Tuesday, November 27, 2007

On Nomadism and Thin Clients

Chris Brogan recently posted that we should all be prepared for digital nomadism - i.e. working from anywhere, anytime (although having watched my wife make this transition, I can say with some authority that "anytime" is really "all the time"). I don't disagree that we all need to prepare for the long trek from coffee shop to hotdesk to lunch meeting to bus stop, but I was surprised by the first section after the intro, entitled "Get a Smartphone." His first sentence, "Your regular cellphone won't cut it," strikes me as a bit dire.

It could be that I'm in the dark ages, or else overly concerned about the portability and pocket-friendliness of your average smart phone. It could be that I've had two phones that were irresistibly attracted to water (washing machine, lake, whatever), and don't really want to face the prospect of throwing $500 down the drain on one of my absent-minded moments. Perhaps it's like first class - once you've been there you can never go back. I would like to posit, however, that one can be perfectly nomadic without one. Before iPhone, when all of a sudden our phone really could do everything (bless you iPhone), there was not a single smart phone that held any allure for me whatsoever. It comes down to how I use the phone. I am always able to download a Gmail app for whatever phone I have. Similarly, most phones are able to sync with my computer to share calendar data and contacts. And they have all had longer battery life than the behemoths.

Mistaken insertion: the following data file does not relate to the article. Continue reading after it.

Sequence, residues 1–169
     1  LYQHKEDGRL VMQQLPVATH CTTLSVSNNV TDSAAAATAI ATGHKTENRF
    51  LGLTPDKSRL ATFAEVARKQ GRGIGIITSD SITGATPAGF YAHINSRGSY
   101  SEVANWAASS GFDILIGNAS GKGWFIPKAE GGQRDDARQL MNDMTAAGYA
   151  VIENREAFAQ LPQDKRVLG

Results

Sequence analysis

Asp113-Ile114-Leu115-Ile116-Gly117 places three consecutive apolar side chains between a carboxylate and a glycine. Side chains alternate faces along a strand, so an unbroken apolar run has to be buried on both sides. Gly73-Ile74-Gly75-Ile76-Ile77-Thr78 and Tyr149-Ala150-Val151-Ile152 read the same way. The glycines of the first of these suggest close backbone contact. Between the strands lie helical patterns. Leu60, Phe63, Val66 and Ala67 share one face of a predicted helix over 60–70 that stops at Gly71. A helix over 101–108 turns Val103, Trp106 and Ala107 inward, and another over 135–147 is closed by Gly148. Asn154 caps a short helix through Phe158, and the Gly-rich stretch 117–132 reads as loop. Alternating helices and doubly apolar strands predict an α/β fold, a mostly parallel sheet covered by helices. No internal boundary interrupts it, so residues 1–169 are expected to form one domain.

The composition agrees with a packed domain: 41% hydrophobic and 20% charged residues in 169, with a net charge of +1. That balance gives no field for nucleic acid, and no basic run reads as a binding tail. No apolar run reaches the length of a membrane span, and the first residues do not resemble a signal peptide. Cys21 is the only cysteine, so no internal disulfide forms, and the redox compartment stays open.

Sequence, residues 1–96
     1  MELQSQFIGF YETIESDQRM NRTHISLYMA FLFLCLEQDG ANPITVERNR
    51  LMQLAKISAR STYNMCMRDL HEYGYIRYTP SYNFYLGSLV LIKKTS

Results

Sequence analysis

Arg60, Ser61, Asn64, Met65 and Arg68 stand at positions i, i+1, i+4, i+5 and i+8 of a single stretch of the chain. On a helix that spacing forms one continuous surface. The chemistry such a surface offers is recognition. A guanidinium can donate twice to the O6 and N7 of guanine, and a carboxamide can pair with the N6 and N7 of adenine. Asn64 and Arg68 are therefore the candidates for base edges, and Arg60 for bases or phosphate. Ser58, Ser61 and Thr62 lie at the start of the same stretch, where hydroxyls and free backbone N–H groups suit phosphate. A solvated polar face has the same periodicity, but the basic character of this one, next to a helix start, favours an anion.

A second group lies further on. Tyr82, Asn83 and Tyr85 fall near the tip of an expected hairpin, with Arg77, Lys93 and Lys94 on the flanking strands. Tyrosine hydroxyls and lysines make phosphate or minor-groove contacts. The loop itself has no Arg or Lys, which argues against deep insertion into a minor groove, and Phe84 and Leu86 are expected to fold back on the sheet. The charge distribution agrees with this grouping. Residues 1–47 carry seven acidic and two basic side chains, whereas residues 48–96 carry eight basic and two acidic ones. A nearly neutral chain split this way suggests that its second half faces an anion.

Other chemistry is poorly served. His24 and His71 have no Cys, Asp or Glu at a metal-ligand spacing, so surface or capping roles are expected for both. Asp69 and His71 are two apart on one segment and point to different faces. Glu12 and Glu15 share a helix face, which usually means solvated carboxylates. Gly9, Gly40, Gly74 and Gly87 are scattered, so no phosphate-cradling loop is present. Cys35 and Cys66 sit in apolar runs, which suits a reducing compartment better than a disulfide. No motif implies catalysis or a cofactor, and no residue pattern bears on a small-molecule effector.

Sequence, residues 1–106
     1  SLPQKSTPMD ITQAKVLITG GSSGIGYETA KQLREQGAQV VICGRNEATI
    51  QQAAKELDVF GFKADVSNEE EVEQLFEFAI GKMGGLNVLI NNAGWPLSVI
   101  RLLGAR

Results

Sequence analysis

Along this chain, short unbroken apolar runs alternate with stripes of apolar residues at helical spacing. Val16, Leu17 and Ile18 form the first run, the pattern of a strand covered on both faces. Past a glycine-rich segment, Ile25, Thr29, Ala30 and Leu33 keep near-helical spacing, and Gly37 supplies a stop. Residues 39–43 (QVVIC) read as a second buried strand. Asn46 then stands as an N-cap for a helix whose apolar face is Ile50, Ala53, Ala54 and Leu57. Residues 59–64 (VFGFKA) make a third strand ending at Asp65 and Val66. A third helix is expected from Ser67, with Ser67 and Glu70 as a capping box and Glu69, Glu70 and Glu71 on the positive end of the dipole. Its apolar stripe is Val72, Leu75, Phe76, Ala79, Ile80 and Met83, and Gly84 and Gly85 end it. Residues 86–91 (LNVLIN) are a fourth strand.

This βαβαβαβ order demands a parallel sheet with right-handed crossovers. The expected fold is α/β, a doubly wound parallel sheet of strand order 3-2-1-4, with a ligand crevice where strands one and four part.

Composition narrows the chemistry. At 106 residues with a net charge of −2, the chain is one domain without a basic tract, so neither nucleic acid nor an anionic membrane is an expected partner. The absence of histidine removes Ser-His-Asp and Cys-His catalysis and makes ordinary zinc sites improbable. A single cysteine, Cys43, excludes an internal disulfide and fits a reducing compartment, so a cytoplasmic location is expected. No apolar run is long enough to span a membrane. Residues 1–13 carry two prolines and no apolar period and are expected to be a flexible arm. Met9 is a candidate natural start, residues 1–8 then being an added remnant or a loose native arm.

Really, what else do I need? When will the day come that I can't get to a terminal of some type to drop my crucial edits into crucial document X? And how much pleasure will I get out of trying to do that on a smart phone because I can? The point of all this modularity/portability/mobile access is to be able to utilize what amounts to a thin client to retrieve and manipulate centrally stored data. Yes, a smart phone can do! It! All!, but I'll go out on a limb and suggest that a phone is a phone (unless it's an iPhone). My wife checks her email (just like me) but if it's a detailed issue, she closes the email program and calls the person (just like me). Sure, she's become adept at buttonmashing quick replies out to people if needed (just like me), but on the whole the phone is a data device as needed and first and foremost a means of communicating via voce. Just like mine.

Just sayin', nomads travel light and make do with what they have. If you've got the killer tool, by all means. But I'll continue the voyage with an endless succession of little toy phones that end up, mysteriously, in the dishwasher.

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